The instant appeal was taken from the grant of an application to open default filed by the defendant trustees of the William Penn Patrick Trust. The original lawsuit was a class action alleging that defendant, pursuant to a "pyramid" sales scheme, sold distributorships in Sta-Power Industries, Inc. to the plaintiffs by means of fraudulent practices and in violation of the Georgia Securities Act. The present defendants as trustees of the William Penn Patrick Trust were not named in the original complaint and a motion to add them was filed on October 26, 1973. On January 17, 1974, the motion was heard and subsequently granted by the court. The trustees were then served on February 14, 1974.
The trustees failed to answer the suit within thirty days and failed to pay costs and answer within fifteen days thereafter. It was not until April 26, 1974, that the motion and application to open default was filed. This motion was subsequently granted by the trial judge. Upon a certificate for immediate review the plaintiffs appeal to this court. Held:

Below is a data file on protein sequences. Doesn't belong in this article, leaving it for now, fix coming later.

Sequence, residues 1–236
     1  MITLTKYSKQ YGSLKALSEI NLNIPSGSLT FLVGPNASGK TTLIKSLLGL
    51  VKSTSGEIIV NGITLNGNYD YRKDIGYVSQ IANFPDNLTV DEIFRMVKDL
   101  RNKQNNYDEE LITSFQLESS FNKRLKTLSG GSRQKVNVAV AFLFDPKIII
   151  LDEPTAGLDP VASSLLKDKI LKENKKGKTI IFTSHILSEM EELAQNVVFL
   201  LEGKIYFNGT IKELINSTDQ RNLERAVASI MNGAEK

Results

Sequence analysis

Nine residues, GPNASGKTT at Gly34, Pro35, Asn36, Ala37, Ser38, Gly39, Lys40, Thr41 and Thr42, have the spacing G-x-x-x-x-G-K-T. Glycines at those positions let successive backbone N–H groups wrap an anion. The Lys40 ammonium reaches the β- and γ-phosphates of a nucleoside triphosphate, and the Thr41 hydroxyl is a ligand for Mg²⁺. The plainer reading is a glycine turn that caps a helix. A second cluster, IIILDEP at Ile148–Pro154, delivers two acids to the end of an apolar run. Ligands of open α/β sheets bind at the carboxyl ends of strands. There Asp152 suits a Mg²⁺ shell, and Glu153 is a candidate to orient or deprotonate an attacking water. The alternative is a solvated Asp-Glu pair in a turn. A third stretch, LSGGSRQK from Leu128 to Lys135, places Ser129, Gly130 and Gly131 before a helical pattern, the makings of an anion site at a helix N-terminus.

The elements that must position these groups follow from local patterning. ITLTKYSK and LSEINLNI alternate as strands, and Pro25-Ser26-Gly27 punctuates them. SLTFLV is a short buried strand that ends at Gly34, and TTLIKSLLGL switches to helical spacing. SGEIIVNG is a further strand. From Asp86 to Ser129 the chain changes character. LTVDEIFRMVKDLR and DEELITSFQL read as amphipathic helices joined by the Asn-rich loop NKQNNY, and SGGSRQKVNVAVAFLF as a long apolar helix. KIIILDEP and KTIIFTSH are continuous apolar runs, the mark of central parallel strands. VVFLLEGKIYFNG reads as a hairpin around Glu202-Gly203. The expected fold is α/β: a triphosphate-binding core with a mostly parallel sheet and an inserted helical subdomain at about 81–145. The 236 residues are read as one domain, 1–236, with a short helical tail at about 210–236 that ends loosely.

We are bound by the ruling in Axelroad v. Preston, 232 Ga. 836
, 837 (209 SE2d 178
), which quoting with approval Foster Co. v. Livingston, 127 Ga. App. 317
, 318 (193 SE2d 626
), held: "When the defendant here complied with the requirements of Section 55 (b) of the Civil Practice Act, and the trial judge from all of the facts determined 'that a proper case had been made for the default to be opened,' we cannot, under the facts, say that the trial judge abused his discretion even though there was no providential cause or excusable neglect." See Section 55 (b) of the Civil Practice Act (Ga. L. 1966, pp. 609, 659; 1967, pp. 226, 238; Code Ann. 81A-155 (b)).
Here as in that case there was no delay in the trial occasioned by the default. Hence, the trial judge's exercise of discretion by permitting the opening of the default must be sustained.
Stokes, Boyd & Shapiro, J. Ben Shapiro, Jr., Ira J. Smotherman, Jr., for appellees.